Back in October 2019, then recently appointed Commissioner of the Department of Children and Families Vannessa Dorantes and her leadership team joined CEA for a Q&A with local union leaders. It was the first time a DCF commissioner had sat down with Connecticut teachers and solicited their input into the DCF process—but it wouldn’t be the last.
Last night Dorantes, now four years into her job and having weathered a pandemic, again joined CEA local and state leaders for a candid conversation about what’s working when it comes to the teacher-DCF relationship and what still needs to be improved.
“We’ve seen an evolution over the last few years,” CEA President Kate Dias said. “We’re in an interesting space where we’re redefining how we engage and how we get kids the support and services they need. There are still failure to report concerns, there is still a weaponizing of DCF against teachers, but we are working together to find common ground.”
Dorantes, who was joined by a panel of DCF staff, told CEA members gathered at the Sheraton in Rocky Hill that when she met with them back in 2019, she heard that educators wanted DCF to change and adapt. “We made certain promises back then. Today we have an opportunity to talk about which of those things we’ve been able to make come to fruition.”
Among the improvements that Dorantes and her staff cited as having occurred following the 2019 meeting with educators include
- Relationship building – Dorantes said that, back in 2019, one of her goals was to rebuild what had become a tense relationship between DCF workers and educators. Not only have DCF leaders been in frequent contact with CEA leaders and staff, but Dorantes said relationships have improved at the local level as well. Some DCF employees are assigned as liaisons to larger schools and can provide support when questions come up. She urged union leaders to reach out to their local DCF office and form relationships with staff there so that it’s easy to reach out when questions or concerns arise.
- Dedicated DCF team for schools – Before Dorantes’ tenure as DCF commissioner, there was little consistency across the state in how school employees who had a complaint filed against them were investigated. Dorantes and her team instituted an Educational Investigation Unit which now has a team of twelve who take on investigations of all school employees as well as bus drivers, daycare employees, and camp staff. Lisa Daymonde, director of careline operations, said that she thinks the team has been able to provide consistency and collaboration. “I think it’s been very effective,” she said.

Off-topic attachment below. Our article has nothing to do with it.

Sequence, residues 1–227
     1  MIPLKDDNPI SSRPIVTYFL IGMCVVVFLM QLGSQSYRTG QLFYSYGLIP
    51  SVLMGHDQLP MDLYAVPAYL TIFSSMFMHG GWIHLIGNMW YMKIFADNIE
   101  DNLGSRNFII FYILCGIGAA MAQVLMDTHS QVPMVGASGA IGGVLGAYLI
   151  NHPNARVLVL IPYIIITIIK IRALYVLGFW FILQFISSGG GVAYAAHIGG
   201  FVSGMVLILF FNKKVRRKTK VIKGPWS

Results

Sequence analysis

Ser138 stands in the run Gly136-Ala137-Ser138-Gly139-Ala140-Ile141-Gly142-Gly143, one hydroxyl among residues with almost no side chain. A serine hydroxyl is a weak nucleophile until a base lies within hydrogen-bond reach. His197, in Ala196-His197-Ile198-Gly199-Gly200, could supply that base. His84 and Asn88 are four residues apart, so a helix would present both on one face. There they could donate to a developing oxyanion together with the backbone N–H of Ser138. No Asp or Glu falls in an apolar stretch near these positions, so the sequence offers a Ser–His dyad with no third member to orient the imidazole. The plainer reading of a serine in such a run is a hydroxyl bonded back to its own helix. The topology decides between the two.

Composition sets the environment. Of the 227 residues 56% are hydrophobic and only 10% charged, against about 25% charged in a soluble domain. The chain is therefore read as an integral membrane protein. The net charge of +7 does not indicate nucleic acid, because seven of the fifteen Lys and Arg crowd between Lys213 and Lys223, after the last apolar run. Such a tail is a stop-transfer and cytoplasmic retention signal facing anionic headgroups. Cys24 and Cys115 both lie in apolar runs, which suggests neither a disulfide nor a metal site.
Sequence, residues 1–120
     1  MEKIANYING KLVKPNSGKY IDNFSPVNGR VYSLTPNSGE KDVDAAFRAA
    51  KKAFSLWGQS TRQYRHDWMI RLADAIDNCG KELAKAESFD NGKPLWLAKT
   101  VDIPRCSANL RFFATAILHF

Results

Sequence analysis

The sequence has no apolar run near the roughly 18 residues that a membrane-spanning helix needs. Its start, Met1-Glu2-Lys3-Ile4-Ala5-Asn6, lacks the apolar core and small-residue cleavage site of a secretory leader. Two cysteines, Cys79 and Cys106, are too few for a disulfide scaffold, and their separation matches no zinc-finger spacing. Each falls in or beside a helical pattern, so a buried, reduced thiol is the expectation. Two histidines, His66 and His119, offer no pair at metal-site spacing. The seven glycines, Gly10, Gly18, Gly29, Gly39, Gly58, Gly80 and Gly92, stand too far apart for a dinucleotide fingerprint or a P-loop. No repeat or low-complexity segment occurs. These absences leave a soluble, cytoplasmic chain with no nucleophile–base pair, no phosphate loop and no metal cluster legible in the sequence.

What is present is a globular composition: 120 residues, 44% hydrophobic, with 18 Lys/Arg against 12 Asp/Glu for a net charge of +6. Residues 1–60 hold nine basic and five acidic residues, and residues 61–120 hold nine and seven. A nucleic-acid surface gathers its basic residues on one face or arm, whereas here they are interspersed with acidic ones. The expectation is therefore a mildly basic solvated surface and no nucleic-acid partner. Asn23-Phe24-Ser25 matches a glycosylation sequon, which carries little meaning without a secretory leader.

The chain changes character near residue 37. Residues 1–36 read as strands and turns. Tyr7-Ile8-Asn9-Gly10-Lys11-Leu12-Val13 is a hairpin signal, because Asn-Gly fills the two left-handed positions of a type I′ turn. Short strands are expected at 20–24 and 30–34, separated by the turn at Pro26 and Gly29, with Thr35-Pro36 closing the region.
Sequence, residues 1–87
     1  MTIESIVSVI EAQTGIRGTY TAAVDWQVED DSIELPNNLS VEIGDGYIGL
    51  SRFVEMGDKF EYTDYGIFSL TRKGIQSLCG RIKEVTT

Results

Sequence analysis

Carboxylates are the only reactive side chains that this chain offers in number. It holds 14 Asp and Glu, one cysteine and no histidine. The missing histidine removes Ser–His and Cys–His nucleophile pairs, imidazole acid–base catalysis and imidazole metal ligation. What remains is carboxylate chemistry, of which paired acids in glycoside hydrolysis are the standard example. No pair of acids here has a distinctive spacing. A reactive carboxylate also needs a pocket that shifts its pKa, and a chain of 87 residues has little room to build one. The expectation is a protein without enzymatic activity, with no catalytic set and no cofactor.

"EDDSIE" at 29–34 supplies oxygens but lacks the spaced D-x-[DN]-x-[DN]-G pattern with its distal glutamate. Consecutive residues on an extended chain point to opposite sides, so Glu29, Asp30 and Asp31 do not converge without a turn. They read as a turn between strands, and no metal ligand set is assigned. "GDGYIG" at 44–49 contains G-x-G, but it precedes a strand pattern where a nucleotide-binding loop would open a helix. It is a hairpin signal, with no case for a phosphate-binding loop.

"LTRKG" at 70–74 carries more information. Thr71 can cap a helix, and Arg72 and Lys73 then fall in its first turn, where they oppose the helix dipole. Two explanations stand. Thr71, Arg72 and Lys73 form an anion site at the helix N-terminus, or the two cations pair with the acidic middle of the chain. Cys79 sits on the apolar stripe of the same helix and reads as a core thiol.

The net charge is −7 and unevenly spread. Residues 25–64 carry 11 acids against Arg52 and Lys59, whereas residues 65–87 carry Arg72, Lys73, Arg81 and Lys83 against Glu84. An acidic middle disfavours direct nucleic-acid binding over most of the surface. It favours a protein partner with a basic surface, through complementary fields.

- Online portal for reporting non-emergency issues – Dorantes said that DCF had been piloting an online portal for non-emergent reporting when she talked with educators in 2019. Daymonde said that DCF found that “educators were making some pretty smart decisions about what was immediate and what was something that could be made through the portal.” DCF found that very few reports made online should have actually resulted in a call. “In fact, we learned so much from the pilot with educators, we expanded the portal to all mandatory reporters effective June 6, 2022.” The DCF leaders said that the portal has dramatically reduced call wait time, once a major complaint of educators.
- Updates to the online portal – Daymonde said that a recent update to the online portal allows educators to start an online report, save it, and come back within 12 hours to finish the report, allowing educators time to find supporting information without losing the information already entered. The portal now also allows educators to print a copy of the report before it is submitted if they want to keep it for their records and allows attachments so that teachers can upload attendance records and other documents. DCF has also added a pop-up feature that provides help tips.
- Preventative support for families – Sometimes educators call DCF because they know a family is in need and don’t know how else to get them help. DCF Bureau Chief of External Affairs Ken Mysogland said that connectingtocarect.org allows educators to put in the name of the town where a family lives and find a list of behavioral health supports available. He said that by the beginning of the next school year, they hope to have in place a care management entity (CME) that will allow educators to call and refer a family in need of support. The CME will then take the referral and reach out to the family to connect them with services. By making it easier for families to get services, Mysogland said DCF hopes that there will be fewer incidents of abuse and neglect.
- Documenting DCF’s busiest times – When it comes to calling the careline, DCF leaders said that the months with the highest number of calls are October and March, the peak day for calls is Tuesday and the top time is 2 p.m. Dorantes said this information can help educators know when they can expect to face longer hold times. She also said that just as the teaching profession is facing a shortage, so is DCF, and to have patience when calling.
“You have the strongest advocates for you at CEA,” Dorantes told educators. “Even though you’re seeing me in front of you for the first time since 2019, you should know that my office and CEA have had regular conversations throughout the years.”
Dias thanked Dorantes and her staff for their willingness to address the issues facing teachers, listening to their concerns, and working toward providing clear information, resources, and guidance on how best to support students and their families.